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Sanjeev Thapa, Chairman, Nepal Red Cross Society

Finally, I also take this opportunity to sincerely thank the entire Red Cross and Red Crescent Movement, the government of Nepal and many other partners who kindly supported us to assist millions of people affected by the devastating earthquake.

With this generous support, we have been able to bring at least some happiness in the faces of those affected. Here, we have now moved to recovery from emergency relief phase.

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Build back better training in earthquake resistant techniques on model or demonstration houses.

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Restoring water supplies

The whole village of Kshamawati moved after the 12 May earthquake. Their old location on a steep hillside in the eastern district of Dolakha is now a landslide risk. Above it perches a huge boulder that could come down at any time. For now, Kshamawati people – who are from the Thami ethnic group – are camping in shelters made of bamboo, tarpaulins and corrugated iron sheeting on land belonging to the Nepal Department of Forests. Two outdoor taps are almost constantly in use. Women fetch water in containers, scour pots and plates, or wash children’s faces at the taps.

The water systems were set up by the Nepal Red Cross Society after the disaster, which disrupted water supplies and sanitation systems for hundreds of thousands of people, leaving them at risk of water-borne diseases. Water and sanitation is an important element in the Red Cross’ massive emergency relief operation, when 4.6 million litres of safe drinking water, and 1.3 million items like water purification tablets, toothbrushes and soap were distributed to more than 620,000 people affected by the earthquakes. Other emergency relief during the first six months after the 25 April earthquake included tarpaulins and tools to build temporary shelters and health care.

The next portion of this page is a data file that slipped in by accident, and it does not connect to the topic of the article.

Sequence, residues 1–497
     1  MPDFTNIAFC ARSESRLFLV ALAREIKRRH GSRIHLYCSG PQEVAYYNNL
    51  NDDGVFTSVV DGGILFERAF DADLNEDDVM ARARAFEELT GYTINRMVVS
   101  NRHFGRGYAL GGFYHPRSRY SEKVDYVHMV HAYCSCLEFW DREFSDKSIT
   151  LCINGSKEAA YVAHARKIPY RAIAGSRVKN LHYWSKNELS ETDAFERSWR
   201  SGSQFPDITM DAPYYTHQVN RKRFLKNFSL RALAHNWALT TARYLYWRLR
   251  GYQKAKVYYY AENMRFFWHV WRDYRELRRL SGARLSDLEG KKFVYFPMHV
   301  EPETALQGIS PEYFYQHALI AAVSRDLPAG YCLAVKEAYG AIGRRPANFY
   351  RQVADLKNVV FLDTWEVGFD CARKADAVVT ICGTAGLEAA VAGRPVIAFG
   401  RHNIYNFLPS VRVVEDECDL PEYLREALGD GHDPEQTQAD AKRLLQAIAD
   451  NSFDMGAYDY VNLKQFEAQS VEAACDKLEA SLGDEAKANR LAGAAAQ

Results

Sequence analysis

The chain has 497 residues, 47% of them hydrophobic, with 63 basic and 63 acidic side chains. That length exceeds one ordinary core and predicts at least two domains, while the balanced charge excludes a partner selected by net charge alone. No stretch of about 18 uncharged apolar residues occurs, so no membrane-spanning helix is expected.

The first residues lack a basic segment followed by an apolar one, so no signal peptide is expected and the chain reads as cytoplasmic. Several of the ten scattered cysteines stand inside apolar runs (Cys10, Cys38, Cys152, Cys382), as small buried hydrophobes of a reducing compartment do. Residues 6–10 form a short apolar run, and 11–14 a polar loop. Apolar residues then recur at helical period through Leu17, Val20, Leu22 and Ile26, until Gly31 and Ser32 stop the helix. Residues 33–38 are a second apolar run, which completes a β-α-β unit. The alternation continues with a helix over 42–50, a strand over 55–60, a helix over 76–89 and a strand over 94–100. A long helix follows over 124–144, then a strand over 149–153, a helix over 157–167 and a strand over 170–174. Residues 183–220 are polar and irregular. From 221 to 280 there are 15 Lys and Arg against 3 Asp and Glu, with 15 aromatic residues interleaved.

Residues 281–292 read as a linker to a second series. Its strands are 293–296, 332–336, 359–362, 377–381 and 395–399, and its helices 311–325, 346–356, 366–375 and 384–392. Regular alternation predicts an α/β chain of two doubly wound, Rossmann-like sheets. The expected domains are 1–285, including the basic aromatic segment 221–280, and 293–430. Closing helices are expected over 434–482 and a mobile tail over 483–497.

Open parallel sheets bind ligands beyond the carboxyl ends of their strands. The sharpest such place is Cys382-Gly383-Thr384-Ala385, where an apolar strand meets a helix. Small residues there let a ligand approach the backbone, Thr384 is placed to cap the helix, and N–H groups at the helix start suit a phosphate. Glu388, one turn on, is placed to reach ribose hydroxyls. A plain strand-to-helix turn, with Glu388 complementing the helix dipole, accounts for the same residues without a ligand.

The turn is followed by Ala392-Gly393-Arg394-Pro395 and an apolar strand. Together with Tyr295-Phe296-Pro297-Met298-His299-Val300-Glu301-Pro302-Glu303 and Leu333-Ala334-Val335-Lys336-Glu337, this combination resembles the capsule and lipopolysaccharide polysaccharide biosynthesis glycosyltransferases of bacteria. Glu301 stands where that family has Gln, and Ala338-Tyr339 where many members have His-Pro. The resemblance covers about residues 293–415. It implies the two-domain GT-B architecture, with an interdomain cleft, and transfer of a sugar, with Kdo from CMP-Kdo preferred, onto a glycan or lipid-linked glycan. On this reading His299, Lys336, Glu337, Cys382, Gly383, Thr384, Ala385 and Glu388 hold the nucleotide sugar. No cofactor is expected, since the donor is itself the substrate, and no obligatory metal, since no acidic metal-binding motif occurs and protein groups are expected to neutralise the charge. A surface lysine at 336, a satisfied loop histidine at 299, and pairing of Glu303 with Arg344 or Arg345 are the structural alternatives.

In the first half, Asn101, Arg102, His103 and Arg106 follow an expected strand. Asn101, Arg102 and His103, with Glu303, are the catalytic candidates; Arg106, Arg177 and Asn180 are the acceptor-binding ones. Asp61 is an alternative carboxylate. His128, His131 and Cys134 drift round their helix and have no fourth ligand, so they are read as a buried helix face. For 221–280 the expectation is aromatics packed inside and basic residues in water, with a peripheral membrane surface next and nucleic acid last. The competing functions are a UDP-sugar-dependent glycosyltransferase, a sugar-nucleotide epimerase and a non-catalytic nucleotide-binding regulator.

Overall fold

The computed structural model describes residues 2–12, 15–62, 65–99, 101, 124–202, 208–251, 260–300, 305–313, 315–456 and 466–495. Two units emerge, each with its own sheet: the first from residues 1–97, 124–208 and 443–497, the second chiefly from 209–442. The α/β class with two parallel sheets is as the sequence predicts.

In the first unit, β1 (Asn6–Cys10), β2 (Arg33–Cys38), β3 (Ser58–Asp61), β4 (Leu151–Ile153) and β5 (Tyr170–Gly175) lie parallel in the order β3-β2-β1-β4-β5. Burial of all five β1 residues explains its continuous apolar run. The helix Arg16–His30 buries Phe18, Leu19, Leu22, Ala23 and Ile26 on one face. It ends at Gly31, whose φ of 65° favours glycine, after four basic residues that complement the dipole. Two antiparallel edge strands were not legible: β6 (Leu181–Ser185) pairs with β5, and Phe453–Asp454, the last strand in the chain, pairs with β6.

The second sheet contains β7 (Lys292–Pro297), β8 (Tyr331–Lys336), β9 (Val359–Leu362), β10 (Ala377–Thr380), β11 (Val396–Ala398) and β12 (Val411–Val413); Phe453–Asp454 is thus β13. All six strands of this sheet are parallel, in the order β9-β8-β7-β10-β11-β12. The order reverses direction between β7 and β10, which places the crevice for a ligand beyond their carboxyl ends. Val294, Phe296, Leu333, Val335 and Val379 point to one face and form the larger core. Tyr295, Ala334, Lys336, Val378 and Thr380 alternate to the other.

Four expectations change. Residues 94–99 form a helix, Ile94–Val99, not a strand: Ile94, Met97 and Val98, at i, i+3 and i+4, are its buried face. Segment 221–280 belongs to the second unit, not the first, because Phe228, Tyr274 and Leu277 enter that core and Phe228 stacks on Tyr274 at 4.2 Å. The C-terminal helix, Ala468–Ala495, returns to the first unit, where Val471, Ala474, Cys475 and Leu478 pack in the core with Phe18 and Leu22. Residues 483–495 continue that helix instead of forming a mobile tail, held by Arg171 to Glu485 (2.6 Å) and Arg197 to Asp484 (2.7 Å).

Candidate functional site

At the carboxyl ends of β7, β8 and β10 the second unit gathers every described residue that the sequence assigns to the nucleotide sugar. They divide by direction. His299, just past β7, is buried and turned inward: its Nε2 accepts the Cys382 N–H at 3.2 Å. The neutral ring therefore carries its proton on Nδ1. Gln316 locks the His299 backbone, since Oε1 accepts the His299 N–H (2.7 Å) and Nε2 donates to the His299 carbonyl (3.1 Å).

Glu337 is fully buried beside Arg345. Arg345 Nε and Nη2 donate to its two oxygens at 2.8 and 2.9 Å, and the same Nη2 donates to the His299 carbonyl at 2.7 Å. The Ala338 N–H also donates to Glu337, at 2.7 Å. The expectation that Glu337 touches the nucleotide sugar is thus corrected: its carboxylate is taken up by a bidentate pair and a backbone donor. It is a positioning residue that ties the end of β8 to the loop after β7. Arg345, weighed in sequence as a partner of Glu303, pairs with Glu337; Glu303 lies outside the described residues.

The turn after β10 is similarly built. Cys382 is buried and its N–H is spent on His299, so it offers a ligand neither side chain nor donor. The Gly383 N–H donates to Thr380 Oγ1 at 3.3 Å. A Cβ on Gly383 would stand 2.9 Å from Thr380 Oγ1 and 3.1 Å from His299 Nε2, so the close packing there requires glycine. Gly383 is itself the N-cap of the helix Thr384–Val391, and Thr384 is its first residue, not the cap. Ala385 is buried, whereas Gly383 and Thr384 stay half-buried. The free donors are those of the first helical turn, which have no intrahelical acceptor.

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Shots of children and women using the water source at the temporary shelter.

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Shots of Roshani and Rishiram farming.

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Shots of different crops.

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Shots of houses demolised by the quake.

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Roshani and Rishiram's temporary shelter.

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Kathmandu district farmer Roshani Ghimire:

After the earthquake, when all the food was buried, we had to go and find work. We are farmers and it was quite difficult for us.

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We didn't know what the future held for us, would the sitution remain like this for us... We didn’t have money to buy seeds.

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We bought seeds and even asked and for and borrowed seeds and we planted rice.

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Kathmandu district farmer Krishna Gopal (man in hat) speaks to Earthquake Recovery Office programme coordinator for Nepal Red Cross Society, Kathmandu district Sagun Shrestha (woman) and Nepal Red Cross Society, Kathmandu district planning, monitoring, evaluation and reporting officer Arun Regmi (man).

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Emergency Response Sequence

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Earthquake relief packages at the Tribhuwan International Airport in Kathmandu

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Red Cross volunteers unloading relief materials off a jeep

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Red Cross volunteers carrying relief materials

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Red Cross volunteers unloading bamboos off a truck

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A Red Cross volunteer carrying bamboo down a narrow path

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Two Red Cross volunteers carrying bamboo

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Red Cross distributing relief materials to the villagers at their distribution point

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Red Cross volunteers building toilets with bamboos and tarps

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Red Cross volunteer tying tarps together for toilets